Leslie Gelb Critiques Soft Power and Military Force

Question: How did the Left and the Right misunderstand power?

 

Leslie Gelb: At the end of the Cold War, there we were, United States, alone on top of the mountain and we thought we could do anything. There wasn't another power in effect to balance this. Cold War was over. The other superpower was gone. And the left thought that meant, finally, we could deal with the world the way they also wanted to, through love. And so, you had this idea of soft power being conceived. And soft power was understanding and leadership and morals and the like, all good things. But these are, to me, foreplay and not the real thing.

But frankly, as I've ask all the soft power advocates over the years, show me one example where leaders of a country change their position on a major interest to them because we persuaded them that we understood their interest better than they did. It just doesn't happen. That's what happened on the liberal side, or the left side.

On the other side, on the right side, were the neoconservatives who said, hey, we're on the top of the mountain, we're now the sole superpower. We can threaten military force to get our way. Or if they don't observe our threats, we can actually use military force. They thought that this would solve all the problems. But what they failed to understand was that in the modern age, in the 21st century, in fact for a good deal of the end of the 20th century, our superior military force would be sufficient to conquer capitals, to get rid of dictators, but not to conquer countries. So here was the situation. On the left, they confused power with a rational act, with reason, with persuasion. And on the right, they confused it with force, which is the kind of thing you do when your power fails. And I wanted to restore the meaning of power because, as I said, that's the key way to get things done in the world.

 

Recorded on 5/1/09.

 

The author compares the failures of liberals and neoconservatives to understand power and use it effectively.

The 4 types of thinking talents: Analytic, procedural, relational and innovative

Understanding thinking talents in yourself and others can build strong teams and help avoid burnout.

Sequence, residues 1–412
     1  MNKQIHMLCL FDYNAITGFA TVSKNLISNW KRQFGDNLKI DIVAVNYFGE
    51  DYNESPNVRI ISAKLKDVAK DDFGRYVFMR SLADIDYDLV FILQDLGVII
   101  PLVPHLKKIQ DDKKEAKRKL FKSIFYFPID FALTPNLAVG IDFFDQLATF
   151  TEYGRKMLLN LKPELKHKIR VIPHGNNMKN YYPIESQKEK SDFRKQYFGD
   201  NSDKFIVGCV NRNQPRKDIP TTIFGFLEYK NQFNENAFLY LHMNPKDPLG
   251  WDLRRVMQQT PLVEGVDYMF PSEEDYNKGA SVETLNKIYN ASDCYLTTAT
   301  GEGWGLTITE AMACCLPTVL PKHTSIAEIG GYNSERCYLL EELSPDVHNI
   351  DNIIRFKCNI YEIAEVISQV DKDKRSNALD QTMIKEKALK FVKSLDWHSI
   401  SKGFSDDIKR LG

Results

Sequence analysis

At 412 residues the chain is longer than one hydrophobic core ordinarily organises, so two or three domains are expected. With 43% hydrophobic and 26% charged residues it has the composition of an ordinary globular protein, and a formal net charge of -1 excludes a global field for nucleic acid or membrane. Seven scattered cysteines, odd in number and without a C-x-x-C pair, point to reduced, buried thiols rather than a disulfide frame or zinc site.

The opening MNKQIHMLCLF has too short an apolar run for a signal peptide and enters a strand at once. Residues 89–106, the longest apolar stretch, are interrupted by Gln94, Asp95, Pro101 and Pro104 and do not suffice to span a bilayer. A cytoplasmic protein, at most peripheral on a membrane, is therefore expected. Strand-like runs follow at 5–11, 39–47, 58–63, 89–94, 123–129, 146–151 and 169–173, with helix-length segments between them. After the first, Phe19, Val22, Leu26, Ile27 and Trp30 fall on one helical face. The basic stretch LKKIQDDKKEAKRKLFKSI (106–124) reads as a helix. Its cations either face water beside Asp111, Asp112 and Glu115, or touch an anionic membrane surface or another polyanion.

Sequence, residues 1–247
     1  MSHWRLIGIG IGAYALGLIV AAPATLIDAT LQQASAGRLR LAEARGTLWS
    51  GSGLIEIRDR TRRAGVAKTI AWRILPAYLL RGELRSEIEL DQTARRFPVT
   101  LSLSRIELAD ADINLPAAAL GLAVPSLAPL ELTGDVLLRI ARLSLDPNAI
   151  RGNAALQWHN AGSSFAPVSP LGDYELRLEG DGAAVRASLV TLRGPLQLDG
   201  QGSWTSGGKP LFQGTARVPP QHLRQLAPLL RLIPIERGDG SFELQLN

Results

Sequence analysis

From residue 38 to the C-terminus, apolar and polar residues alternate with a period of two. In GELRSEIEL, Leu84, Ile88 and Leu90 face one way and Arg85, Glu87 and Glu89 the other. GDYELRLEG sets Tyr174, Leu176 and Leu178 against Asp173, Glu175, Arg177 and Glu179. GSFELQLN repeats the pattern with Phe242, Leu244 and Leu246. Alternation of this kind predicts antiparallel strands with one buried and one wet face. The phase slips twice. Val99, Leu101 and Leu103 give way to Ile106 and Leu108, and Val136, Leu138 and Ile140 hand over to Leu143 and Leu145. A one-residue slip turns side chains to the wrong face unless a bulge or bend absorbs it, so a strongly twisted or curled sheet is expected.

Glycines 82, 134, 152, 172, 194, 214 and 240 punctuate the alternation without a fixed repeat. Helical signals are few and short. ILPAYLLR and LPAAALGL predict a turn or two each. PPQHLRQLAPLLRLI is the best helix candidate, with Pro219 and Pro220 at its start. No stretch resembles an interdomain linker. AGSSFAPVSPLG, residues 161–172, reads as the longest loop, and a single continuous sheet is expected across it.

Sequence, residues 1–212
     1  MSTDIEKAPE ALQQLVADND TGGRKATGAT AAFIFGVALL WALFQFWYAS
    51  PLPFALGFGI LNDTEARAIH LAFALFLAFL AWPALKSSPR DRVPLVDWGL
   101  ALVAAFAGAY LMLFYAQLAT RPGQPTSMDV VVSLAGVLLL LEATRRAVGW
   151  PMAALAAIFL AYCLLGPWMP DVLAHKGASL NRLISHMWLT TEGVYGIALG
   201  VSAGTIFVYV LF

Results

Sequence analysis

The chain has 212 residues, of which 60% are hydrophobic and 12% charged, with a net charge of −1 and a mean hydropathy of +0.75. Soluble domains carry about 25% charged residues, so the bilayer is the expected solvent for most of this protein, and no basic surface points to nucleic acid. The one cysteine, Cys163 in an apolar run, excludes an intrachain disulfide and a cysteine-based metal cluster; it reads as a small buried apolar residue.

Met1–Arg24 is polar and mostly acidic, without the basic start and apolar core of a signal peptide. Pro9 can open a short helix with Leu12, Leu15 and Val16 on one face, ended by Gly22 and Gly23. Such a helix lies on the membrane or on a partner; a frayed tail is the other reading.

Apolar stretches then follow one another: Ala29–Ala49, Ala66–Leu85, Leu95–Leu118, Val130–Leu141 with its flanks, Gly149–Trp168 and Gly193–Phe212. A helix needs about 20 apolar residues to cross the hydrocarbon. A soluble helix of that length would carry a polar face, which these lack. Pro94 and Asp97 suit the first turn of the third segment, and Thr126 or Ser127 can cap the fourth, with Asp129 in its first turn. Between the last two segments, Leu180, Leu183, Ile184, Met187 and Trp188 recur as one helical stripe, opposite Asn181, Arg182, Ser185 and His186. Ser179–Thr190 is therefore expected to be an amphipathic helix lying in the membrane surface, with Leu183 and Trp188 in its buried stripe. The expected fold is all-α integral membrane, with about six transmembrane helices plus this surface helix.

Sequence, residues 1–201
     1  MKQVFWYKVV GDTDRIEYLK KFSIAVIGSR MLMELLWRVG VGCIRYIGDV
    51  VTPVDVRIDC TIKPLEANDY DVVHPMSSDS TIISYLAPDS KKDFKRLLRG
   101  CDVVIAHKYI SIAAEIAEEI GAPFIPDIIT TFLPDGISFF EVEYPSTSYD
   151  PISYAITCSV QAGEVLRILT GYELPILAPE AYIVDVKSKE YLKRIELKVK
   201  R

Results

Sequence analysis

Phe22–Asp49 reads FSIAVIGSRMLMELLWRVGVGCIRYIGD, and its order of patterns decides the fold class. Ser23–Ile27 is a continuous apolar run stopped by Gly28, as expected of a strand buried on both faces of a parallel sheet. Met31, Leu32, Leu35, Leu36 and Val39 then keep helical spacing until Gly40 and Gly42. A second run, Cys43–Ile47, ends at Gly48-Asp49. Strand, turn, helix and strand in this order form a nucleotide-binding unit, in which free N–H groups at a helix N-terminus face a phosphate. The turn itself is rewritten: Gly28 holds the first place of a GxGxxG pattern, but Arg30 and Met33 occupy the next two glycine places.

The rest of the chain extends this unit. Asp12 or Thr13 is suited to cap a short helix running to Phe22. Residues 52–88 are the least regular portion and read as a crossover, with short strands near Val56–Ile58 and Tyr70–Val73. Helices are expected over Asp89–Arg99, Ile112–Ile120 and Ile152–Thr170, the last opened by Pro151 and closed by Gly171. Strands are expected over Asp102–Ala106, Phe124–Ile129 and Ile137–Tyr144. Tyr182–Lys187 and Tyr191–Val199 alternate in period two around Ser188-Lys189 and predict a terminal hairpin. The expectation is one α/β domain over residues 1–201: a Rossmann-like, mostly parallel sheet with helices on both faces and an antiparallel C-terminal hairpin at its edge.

Big Think Edge
  • Learn to collaborate within a team and identify "thinking talent" surpluses – and shortages.
  • Angie McArthur teaches intelligent collaboration for Big Think Edge.
  • Subscribe to Big Think Edge before we launch on March 30 to get 20% off monthly and annual memberships.
Keep reading Show less

Scientists reactivate cells from 28,000-year-old woolly mammoth

"I was so moved when I saw the cells stir," said 90-year-old study co-author Akira Iritani. "I'd been hoping for this for 20 years."

Yamagata et al.
Surprising Science
  • The team managed to stimulate nucleus-like structures to perform some biological processes, but not cell division.
  • Unless better technology and DNA samples emerge in the future, it's unlikely that scientists will be able to clone a woolly mammoth.
  • Still, studying the DNA of woolly mammoths provides valuable insights into the genetic adaptations that allowed them to survive in unique environments.
Keep reading Show less

Do you have a self-actualized personality? Maslow revisited

Rediscovering the principles of self-actualisation might be just the tonic that the modern world is crying out for.

Personal Growth

Abraham Maslow was the 20th-century American psychologist best-known for explaining motivation through his hierarchy of needs, which he represented in a pyramid. At the base, our physiological needs include food, water, warmth and rest.

Keep reading Show less